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Tonight’s Feature Image is titled “Glade Creek Grist Mill in Fall 1”. The feature image is available for purchase by contacting me on Facebook or by using the Contact Form on my website.
The gently babbling water flows over the rocks. In the shallow pools small fish dart under cover as my shadow crosses in front of them. Dragonflies and Damselflies zip around and occasionally hover. A small crayfish crawls from one pool to another. Somewhere behind me the distinct sounds of a woodpecker hammering away at an old snag echoes through the mountains.
I step carefully as I approached the spot where I will place my tripod. I am in a public park but the copperheads don’t understand that everyone is welcomed here and I’d rather not suffer another bite. Satisfied that I’m not disturbing a sleeping serpent, I begin to set up my camera. The twin falls of Glade Creek are one of our most popular places. They’re certainly not the highest falls in West Virginia but there’s something about the perfect symmetry that’s irresistible. The sun is high in sky and I want the water to come out nice and silky so I make the appropriate adjustments and set the timer hoping that the children playing nearby can stay out frame for just a few more seconds. This was ten years ago and it was one of my first with a real camera. The result is still one of my favorite images today.
Tonight’s image is the water wheel of the Glade Creek Grist Mill at Babcock State Park. I took the picture several years ago when I was interested in creating a micro-hydro power plant for my home. My plan was to study pictures of water wheels and eventually make something that I could use to run the lights during an outage. While the plans for an energy independent home never manifested I learned a lot about the difference between working with God’s creation and working against it. Providence is always there waiting for us but we have to recognize it and figure out how to take advantage of it. For a wheel like the one here there has to be enough water above the wheel to move the heavy stones that grind the grains into flour. This means that the mill has to be in just the right spot and the water has to be channeled. Debris has to be filtered out to avoid damage to the wheel. The spot has to be on a stable foundation. And that’s just the beginning. Sometimes when we’re praying and searching for God to fill a need in our lives we expect Him to drop the answers in our lap fully assembled and all tied up with a pretty bow. That can happen but more often than not God provides the components and we have to recognize them and then make use of them. The water, the stones, the trees that became the wood and even the physics that govern the use were all in existence long before the mill was created to fill the needs and feed the people. When we are praying for God to make a way it’s likely that He’s already made a provision if we can just figure out how to put it together.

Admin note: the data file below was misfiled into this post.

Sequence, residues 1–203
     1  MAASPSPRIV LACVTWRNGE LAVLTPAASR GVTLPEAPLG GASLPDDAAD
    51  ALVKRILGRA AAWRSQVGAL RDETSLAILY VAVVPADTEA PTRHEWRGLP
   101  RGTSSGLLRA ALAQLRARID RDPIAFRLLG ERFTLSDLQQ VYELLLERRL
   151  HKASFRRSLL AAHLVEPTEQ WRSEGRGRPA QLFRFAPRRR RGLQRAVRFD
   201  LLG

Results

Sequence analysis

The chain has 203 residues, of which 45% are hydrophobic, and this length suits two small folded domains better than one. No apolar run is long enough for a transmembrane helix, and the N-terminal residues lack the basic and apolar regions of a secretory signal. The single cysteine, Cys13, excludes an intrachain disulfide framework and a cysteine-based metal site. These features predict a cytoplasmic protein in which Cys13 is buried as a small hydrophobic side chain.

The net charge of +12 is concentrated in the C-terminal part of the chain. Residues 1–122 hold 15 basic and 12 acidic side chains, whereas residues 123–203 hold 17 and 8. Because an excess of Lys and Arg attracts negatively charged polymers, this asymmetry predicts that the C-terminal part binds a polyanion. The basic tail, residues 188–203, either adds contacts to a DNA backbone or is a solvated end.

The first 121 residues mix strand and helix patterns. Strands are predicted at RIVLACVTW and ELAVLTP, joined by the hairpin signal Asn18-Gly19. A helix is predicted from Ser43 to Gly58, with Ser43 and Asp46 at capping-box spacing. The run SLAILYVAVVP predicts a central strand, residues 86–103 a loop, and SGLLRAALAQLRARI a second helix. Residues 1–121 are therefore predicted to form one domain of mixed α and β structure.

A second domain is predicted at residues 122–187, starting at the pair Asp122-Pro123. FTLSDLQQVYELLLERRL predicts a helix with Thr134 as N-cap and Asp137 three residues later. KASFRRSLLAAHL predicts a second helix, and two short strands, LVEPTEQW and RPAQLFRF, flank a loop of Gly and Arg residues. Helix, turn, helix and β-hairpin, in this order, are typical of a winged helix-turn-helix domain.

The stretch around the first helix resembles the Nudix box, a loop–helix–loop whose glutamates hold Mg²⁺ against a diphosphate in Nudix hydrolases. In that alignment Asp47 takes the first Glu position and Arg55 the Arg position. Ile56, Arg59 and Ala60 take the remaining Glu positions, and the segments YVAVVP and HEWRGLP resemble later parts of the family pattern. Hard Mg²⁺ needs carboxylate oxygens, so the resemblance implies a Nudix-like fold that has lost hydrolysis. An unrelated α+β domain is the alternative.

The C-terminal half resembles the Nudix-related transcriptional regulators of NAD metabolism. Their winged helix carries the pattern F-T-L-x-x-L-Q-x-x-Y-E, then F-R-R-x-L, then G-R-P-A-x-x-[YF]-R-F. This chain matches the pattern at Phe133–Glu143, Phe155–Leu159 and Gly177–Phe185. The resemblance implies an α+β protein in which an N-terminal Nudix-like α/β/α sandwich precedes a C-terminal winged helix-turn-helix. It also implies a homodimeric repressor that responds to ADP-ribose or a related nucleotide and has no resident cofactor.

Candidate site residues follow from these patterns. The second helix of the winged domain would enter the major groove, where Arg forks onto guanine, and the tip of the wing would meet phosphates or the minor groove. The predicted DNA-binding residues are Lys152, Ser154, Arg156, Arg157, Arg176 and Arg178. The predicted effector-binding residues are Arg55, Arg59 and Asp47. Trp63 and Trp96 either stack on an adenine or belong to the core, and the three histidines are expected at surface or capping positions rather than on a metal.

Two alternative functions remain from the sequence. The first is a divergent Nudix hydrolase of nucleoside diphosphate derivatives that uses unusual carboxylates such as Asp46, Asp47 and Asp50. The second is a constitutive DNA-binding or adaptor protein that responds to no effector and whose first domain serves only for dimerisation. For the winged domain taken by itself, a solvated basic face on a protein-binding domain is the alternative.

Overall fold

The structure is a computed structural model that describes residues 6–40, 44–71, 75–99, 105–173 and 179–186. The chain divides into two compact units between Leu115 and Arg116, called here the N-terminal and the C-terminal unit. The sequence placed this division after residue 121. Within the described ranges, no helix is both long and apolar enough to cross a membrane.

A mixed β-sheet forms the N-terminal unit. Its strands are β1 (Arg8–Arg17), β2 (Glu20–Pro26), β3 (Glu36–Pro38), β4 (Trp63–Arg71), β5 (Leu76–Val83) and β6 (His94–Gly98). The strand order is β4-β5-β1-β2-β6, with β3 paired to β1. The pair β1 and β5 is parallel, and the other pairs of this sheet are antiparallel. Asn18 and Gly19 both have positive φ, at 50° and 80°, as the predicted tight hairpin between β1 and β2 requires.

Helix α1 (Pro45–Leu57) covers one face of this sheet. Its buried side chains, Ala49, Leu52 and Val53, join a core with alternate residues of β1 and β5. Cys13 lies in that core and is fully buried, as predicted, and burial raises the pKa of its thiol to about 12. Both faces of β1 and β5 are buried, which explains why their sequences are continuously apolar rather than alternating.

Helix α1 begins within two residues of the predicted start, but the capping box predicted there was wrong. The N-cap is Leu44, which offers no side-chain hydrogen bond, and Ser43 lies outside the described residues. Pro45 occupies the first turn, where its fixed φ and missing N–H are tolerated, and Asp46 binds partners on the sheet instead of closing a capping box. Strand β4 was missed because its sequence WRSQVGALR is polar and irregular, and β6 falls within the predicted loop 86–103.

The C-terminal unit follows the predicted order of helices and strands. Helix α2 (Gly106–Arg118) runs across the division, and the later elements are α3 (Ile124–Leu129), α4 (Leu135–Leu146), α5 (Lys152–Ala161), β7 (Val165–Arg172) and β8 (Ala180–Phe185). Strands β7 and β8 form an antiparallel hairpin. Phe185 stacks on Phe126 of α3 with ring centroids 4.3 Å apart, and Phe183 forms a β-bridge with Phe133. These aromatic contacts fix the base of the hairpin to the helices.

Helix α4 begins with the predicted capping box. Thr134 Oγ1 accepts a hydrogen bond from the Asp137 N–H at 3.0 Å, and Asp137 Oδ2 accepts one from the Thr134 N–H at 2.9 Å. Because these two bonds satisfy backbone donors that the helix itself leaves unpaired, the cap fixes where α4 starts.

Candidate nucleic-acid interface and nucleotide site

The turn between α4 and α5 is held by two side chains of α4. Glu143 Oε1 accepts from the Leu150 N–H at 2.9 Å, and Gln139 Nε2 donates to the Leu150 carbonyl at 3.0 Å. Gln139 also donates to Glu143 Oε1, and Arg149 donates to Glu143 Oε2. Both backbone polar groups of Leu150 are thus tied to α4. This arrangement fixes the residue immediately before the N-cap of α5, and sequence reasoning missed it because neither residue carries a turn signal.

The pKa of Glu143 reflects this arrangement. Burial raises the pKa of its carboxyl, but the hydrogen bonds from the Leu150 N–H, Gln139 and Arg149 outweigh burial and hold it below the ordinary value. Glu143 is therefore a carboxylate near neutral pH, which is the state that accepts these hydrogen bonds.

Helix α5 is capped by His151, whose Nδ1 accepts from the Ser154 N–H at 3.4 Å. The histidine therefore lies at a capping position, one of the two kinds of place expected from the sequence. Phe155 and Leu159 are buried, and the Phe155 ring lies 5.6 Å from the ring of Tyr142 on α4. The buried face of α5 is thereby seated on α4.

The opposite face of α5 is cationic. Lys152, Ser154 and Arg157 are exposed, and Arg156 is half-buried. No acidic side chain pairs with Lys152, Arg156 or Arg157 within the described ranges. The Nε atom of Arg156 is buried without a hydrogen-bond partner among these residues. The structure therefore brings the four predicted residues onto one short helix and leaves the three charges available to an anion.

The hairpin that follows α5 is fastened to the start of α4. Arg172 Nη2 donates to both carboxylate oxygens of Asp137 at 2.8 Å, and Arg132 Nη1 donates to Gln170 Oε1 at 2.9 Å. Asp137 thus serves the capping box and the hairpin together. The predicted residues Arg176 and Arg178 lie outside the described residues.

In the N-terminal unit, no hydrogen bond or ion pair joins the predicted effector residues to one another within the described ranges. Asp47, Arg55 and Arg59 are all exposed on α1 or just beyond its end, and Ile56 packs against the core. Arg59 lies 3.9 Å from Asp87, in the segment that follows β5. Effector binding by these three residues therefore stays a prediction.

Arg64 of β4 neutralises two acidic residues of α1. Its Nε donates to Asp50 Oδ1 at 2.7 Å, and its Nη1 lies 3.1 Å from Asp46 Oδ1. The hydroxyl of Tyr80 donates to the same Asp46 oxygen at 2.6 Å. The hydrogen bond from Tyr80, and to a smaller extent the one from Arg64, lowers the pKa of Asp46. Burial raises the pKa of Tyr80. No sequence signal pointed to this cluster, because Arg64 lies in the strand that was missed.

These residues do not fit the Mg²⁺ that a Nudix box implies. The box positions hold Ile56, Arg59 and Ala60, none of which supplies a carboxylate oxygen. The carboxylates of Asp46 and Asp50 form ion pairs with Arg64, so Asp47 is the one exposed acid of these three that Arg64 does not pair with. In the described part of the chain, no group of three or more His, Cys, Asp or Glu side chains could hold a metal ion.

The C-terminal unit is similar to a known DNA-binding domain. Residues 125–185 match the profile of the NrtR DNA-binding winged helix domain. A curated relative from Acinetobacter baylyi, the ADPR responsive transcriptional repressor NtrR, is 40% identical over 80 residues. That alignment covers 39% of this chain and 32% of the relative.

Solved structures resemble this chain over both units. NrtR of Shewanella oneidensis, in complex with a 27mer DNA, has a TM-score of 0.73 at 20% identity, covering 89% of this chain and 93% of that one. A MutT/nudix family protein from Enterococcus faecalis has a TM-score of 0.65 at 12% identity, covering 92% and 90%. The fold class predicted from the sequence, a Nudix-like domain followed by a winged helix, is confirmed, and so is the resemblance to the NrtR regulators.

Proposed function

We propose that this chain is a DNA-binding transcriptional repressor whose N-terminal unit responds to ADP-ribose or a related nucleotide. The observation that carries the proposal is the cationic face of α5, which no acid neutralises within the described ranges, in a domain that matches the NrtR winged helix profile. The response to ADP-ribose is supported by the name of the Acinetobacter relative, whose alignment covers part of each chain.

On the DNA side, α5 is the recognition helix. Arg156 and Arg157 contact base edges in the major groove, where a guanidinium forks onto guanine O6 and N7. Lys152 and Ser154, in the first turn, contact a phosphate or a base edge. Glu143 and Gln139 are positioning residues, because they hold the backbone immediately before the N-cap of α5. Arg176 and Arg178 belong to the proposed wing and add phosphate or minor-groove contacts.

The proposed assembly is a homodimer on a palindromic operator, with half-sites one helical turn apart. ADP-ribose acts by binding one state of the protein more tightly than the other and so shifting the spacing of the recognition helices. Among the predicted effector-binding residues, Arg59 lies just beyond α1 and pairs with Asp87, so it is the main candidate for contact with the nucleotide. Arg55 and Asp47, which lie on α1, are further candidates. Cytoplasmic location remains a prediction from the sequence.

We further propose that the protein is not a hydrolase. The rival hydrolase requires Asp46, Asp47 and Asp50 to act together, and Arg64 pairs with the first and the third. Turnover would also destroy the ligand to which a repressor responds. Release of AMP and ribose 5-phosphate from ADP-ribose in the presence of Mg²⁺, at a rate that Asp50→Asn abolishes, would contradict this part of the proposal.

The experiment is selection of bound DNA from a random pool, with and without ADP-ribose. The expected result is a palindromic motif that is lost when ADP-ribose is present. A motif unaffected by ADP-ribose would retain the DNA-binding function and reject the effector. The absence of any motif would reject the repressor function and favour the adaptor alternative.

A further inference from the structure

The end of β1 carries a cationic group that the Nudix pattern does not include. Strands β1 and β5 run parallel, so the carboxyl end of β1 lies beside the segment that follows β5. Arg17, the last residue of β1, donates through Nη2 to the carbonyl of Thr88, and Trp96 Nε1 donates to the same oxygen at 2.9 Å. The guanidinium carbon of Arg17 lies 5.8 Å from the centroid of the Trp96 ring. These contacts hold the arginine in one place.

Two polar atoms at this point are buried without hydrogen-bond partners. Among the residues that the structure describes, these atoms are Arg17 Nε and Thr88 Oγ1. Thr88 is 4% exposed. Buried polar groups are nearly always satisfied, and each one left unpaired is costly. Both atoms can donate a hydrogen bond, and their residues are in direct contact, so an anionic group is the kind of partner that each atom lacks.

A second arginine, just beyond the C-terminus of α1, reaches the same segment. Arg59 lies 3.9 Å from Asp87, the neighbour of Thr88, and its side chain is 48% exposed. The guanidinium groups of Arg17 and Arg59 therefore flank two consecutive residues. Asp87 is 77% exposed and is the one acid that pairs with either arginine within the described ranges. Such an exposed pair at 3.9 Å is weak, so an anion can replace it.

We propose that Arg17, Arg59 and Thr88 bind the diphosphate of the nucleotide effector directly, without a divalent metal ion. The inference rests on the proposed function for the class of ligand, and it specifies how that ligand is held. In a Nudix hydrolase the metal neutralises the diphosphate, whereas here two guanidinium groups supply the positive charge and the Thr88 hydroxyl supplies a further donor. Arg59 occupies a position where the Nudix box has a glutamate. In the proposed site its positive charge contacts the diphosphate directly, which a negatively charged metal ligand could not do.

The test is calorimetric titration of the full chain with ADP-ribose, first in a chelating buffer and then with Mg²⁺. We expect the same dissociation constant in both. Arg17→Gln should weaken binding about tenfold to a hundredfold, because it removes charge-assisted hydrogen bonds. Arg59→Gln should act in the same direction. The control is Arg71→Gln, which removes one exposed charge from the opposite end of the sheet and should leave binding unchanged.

Tonight’s image is the remnant of theold bridge at Gauley Bridge. If memory serves me it was burned down during the American Civil War. To me it not only represents history but also a lost future. The fog that surrounds the old pylon gives me the feeling of something ethereal like a visitor from the past has come to the future to check up on things. Is it a manifestation of a memory or am I a vision of the future? It’s in these moments when the past and the future seem to collide that fascinate me. Maybe it was the fog on the river and maybe it was the contrast between the old stones and the seedling trees that are growing out from it that seemed to suspend and warp time for me. I can imagine that I can hear a lament echoing out from the fog. It’s a voice from the past warning not to burn bridges and be quick to reconcile with those on the other side of river.